By Omer Koparan and Adham Kako
Learning resumed at schools in Syria's northwestern Afrin district center, which was recently liberated from terrorists during Turkey's Operation Olive Branch.
YPG/PKK terrorists shut schools in the district center, even though no armed clashes were reported during the counter-terror operation.
After Afrin was liberated in March, a large number of people returned to their homes and life returned to normalcy.
Through Turkey's support in the region, education activities jumpstarted.
Al-Ittihad School, with a strength of 450-500 students, is providing accelerated courses for secondary and high school levels since a week, to make up for the lost time.
Abdo Nebhen, in charge of Afrin's district education office and deputy speaker of the local parliament, told Anadolu Agency that they are providing accelerated education to around 500 pupils.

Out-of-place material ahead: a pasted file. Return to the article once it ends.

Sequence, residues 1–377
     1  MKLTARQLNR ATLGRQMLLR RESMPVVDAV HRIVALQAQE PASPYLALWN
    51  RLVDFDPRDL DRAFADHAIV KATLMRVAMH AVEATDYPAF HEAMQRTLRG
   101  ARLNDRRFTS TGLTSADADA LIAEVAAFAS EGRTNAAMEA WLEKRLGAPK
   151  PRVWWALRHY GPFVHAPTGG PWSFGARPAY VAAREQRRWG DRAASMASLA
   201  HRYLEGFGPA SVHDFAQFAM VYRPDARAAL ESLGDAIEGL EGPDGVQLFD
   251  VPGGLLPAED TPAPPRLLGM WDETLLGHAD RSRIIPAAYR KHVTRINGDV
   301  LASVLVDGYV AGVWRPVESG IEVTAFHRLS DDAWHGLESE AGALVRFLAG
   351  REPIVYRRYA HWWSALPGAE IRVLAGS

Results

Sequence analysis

Nebhen said Syrian teachers were volunteering in the classes.
"We cannot say education was absent in Afrin, however, PYD was using schools to realize its political goals. It made Kurdish compulsory. It abolished religious lessons and instead brought ideologies that the group advocates," he said.
The PYD and its military wing YPG are Syrian branches of the PKK terrorist network, which has waged war against Turkey for more than 30 years.
One of the pupils, Sare Ahmet, 15, said she is happy to return to her school.
She requested the continuation of support from officials.
"We want to secure our future. They should support us on this issue," she said.
On March 18, Turkish-backed troops liberated the town center of Afrin, which had been a major hideout for the YPG/PKK terror group since 2012.
This January, Turkey launched Operation Olive Branch in Afrin, northern Syria to clear terrorist groups from the area. After liberating the city of Afrin, Ankara said it might also extend its operation further east to